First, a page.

Some of the Trump cases are criminal cases, while Claiborne Hardware was a civil action. But also, at least some of what is being charged here is planning and implementing, in detail, an actual criminal agreement, as opposed to more abstract advocacy. Claiborne Hardware is still a hurdle that the prosecution must clear, but the greater the detail in the plan and its proposed implementation, the easier it will be for the prosecution.
Are there specific counts in the indictments to which the First Amendment would be no defense?
The closer you get to a criminal conspiracy and the closer you get to agreements that were not made in public — even though they are technically “speech” — the weaker the First Amendment argument becomes. In the first World Trade Center bombing, in 1993, the plan for the bombing was organized — obviously for political and ideological goals — by a Jersey City religious leader, but the fact that this was a detailed plan conceived and planned in a non-public setting made the First Amendment irrelevant even where it would have been highly relevant had the idea been expressed by the same person in a public setting (as long as there was no agreement and fewer details said out loud). This is partly the lesson of a series of late 1950s and early 1960s cases that distinguish abstract advocacy from concrete planning, a line of cases [that] led to the still important 1969 case of Brandenburg v. Ohio, protecting most forms of speech advocating illegal action that fall short of inciting an angry mob to immediate violent action.
So, for example, would you say the Jan. 6 speech on the Ellipse might fall into this “public, undetailed” bucket of speech?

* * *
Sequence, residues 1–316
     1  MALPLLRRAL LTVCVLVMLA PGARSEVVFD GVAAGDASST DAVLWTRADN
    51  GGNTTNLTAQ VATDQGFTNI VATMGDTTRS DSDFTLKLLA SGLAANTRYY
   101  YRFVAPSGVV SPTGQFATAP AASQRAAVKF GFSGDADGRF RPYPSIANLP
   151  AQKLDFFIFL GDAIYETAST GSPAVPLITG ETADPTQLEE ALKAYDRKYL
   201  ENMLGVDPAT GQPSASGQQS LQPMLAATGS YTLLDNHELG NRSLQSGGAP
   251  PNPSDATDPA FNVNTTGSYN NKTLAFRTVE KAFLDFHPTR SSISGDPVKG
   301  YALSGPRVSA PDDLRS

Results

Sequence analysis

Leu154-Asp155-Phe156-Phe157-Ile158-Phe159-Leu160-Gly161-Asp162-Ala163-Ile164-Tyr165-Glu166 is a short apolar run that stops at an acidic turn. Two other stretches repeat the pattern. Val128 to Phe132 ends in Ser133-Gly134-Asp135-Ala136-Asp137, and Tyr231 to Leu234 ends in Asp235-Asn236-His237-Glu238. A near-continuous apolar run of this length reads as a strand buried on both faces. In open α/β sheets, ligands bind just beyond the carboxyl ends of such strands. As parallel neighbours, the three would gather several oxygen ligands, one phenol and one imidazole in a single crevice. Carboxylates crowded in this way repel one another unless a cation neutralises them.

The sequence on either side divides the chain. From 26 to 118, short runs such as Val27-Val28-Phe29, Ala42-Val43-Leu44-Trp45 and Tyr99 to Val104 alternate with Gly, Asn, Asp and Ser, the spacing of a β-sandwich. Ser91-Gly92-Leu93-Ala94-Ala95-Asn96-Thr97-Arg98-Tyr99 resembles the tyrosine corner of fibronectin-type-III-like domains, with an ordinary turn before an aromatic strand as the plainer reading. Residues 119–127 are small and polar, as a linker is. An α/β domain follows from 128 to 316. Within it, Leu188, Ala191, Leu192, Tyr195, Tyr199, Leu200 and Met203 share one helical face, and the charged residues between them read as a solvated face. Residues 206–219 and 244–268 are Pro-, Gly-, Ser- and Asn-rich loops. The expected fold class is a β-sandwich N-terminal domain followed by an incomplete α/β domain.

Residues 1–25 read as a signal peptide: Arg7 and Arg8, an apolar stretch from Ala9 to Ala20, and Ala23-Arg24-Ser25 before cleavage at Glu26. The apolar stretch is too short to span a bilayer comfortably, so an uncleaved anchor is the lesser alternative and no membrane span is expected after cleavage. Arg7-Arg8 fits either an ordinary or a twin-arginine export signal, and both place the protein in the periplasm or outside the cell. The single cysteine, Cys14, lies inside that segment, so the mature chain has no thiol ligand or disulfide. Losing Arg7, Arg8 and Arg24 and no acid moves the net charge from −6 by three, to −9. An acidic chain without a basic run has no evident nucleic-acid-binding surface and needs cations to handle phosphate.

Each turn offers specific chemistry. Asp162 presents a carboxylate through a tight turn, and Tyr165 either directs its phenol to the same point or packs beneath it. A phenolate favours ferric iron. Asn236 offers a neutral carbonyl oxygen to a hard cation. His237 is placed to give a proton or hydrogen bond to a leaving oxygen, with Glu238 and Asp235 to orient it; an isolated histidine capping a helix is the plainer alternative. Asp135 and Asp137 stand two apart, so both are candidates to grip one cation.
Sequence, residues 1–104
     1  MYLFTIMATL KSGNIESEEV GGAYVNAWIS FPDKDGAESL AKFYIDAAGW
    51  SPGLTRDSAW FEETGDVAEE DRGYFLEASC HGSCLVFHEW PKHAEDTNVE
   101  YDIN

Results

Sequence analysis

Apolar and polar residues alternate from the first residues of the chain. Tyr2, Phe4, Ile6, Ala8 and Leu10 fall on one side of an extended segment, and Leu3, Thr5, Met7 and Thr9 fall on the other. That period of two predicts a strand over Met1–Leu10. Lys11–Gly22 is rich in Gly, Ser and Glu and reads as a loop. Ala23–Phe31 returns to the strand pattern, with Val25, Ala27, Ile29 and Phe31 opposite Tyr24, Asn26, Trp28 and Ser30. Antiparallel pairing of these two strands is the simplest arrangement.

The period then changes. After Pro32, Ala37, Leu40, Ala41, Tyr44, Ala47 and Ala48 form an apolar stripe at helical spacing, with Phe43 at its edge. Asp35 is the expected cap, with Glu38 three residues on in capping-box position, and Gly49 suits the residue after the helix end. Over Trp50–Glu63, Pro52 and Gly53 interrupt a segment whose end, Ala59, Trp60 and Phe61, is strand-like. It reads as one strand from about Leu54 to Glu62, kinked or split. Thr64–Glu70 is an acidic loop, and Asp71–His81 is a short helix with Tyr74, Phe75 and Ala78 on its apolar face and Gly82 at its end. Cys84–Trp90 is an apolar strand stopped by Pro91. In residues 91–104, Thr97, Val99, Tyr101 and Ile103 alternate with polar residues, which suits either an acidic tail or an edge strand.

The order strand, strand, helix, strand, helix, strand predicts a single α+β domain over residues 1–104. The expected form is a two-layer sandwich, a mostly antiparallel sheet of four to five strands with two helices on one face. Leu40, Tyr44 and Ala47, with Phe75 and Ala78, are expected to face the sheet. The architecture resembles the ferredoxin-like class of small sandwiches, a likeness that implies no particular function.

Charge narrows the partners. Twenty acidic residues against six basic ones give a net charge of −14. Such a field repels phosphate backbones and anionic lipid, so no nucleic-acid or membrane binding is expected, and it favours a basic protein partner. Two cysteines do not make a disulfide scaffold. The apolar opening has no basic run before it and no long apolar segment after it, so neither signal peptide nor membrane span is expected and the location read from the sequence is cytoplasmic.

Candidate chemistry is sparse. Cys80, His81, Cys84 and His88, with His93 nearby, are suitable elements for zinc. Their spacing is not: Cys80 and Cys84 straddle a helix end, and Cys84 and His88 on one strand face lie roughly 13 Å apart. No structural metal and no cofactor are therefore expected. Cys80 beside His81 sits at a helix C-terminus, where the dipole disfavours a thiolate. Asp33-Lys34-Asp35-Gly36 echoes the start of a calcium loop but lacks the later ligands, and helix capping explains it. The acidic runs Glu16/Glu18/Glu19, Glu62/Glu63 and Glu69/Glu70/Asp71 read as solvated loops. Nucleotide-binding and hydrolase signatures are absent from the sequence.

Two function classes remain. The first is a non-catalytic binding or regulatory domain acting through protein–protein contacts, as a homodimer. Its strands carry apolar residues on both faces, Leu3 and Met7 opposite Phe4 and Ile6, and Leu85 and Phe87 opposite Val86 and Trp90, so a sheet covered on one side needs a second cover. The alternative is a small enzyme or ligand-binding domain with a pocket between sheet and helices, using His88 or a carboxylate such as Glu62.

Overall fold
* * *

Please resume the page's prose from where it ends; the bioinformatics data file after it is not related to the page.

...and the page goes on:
That’s very possible. Here we get somewhat closer to abstract advocacy in a public setting, in which case the First Amendment argument gets stronger. Again, if that advocacy becomes more detailed and more aimed at immediate action, then the First Amendment argument gets weaker.
But private phone calls with Rudy Giuliani, the Georgia secretary of state, Sidney Powell, etc.?
Much less likely to be even covered by the First Amendment and much more analogous to a garden-variety criminal conspiracy.
Just to circle back to your first example, what if the hypothetical brother had said in a TV interview with his sister, “I’ve long thought you should kill Uncle Harry so we could split the inheritance”? Is the brother’s speech protected if his sister later kills poor Uncle Harry?
The fact that it is said in public increases the likelihood of protection, but the fact that it is directed at one person and not the public at large cuts the other way. Part of the problem is that there isn’t that much law on this, and many issues remain undecided.